Age-related disease, not aging per se, causes most morbidity in older humans. Here we report that skeletal muscle respiratory uncoupling due to UCP1 expression diminishes age-related disease in three mouse models. In a longevity study, median survival was increased in UCP mice (animals with skeletal muscle-specific UCP1 expression), and lymphoma was detected less frequently in UCP female mice. In apoE null mice, a vascular disease model, diet-induced atherosclerosis was decreased in UCP animals.

Author(s): 
Gates, Allison C.
Bernal-Mizrachi, Carlos
Chinault, Sharon L.
Feng, Chu
Schneider, Jochen G.
Coleman, Trey
Malone, James P.
Townsend, R. Reid
Chakravarthy, Manu V.
Semenkovich, Clay F.
Publication Title: 
Biochimica Et Biophysica Acta

Ageing can be defined as "a progressive, generalized impairment of function, resulting in an increased vulnerability to environmental challenge and a growing risk of disease and death". Ageing is likely a multifactorial process caused by accumulated damage to a variety of cellular components. During the last 20 years, gerontological studies have revealed different molecular pathways involved in the ageing process and pointed out mitochondria as one of the key regulators of longevity.

Author(s): 
Bratic, Ivana
Trifunovic, Aleksandra
Publication Title: 
Nature Communications

Metformin is a drug commonly prescribed to treat patients with type 2 diabetes. Here we show that long-term treatment with metformin (0.1% w/w in diet) starting at middle age extends healthspan and lifespan in male mice, while a higher dose (1% w/w) was toxic. Treatment with metformin mimics some of the benefits of calorie restriction, such as improved physical performance, increased insulin sensitivity, and reduced low-density lipoprotein and cholesterol levels without a decrease in caloric intake.

Author(s): 
Martin-Montalvo, Alejandro
Mercken, Evi M.
Mitchell, Sarah J.
Palacios, Hector H.
Mote, Patricia L.
Scheibye-Knudsen, Morten
Gomes, Ana P.
Ward, Theresa M.
Minor, Robin K.
Blouin, Marie-José
Schwab, Matthias
Pollak, Michael
Zhang, Yongqing
Yu, Yinbing
Becker, Kevin G.
Bohr, Vilhelm A.
Ingram, Donald K.
Sinclair, David A.
Wolf, Norman S.
Spindler, Stephen R.
Bernier, Michel
de Cabo, Rafael
Publication Title: 
PLoS genetics

Artemisinins, derived from the wormwood herb Artemisia annua, are the most potent antimalarial drugs currently available. Despite extensive research, the exact mode of action of artemisinins has not been established. Here we use yeast, Saccharamyces cerevisiae, to probe the core working mechanism of this class of antimalarial agents. We demonstrate that artemisinin's inhibitory effect is mediated by disrupting the normal function of mitochondria through depolarizing their membrane potential.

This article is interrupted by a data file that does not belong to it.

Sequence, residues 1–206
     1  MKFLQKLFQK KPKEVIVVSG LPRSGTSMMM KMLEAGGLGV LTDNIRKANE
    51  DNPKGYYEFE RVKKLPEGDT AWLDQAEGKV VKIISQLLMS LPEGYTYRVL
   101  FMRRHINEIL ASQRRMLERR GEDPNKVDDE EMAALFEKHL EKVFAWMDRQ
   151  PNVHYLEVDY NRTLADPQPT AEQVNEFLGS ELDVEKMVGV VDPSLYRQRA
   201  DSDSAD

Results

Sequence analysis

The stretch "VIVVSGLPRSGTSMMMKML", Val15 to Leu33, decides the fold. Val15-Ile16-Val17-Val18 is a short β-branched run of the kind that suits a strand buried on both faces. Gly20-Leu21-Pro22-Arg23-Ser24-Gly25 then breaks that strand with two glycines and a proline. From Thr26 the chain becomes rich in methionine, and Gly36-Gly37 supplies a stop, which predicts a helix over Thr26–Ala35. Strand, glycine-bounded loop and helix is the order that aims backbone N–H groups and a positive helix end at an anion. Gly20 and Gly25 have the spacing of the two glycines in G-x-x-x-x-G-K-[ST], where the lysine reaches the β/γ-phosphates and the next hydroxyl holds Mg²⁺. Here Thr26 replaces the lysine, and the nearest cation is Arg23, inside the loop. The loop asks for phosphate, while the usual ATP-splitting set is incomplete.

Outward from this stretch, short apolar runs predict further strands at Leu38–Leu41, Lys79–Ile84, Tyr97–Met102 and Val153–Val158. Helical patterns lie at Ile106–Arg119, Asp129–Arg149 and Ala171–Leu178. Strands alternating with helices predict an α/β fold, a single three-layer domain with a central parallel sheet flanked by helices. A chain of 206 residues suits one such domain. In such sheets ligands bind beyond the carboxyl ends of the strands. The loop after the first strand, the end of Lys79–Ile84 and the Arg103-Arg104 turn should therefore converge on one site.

Author(s): 
Li, Wei
Mo, Weike
Shen, Dan
Sun, Libo
Wang, Juan
Lu, Shan
Gitschier, Jane M.
Zhou, Bing
Publication Title: 
Proceedings of the National Academy of Sciences of the United States of America

There is an urgent need for new antimalarial drugs with novel mechanisms of action to deliver effective control and eradication programs. Parasite resistance to all existing antimalarial classes, including the artemisinins, has been reported during their clinical use. A failure to generate new antimalarials with novel mechanisms of action that circumvent the current resistance challenges will contribute to a resurgence in the disease which would represent a global health emergency.

Author(s): 
Biagini, Giancarlo A.
Fisher, Nicholas
Shone, Alison E.
Mubaraki, Murad A.
Srivastava, Abhishek
Hill, Alisdair
Antoine, Thomas
Warman, Ashley J.
Davies, Jill
Pidathala, Chandrakala
Amewu, Richard K.
Leung, Suet C.
Sharma, Raman
Gibbons, Peter
Hong, David W.
Pacorel, Bénédicte
Lawrenson, Alexandre S.
Charoensutthivarakul, Sitthivut
Taylor, Lee
Berger, Olivier
Mbekeani, Alison
Stocks, Paul A.
Nixon, Gemma L.
Chadwick, James
Hemingway, Janet
Delves, Michael J.
Sinden, Robert E.
Zeeman, Anne-Marie
Kocken, Clemens H. M.
Berry, Neil G.
O'Neill, Paul M.
Ward, Stephen A.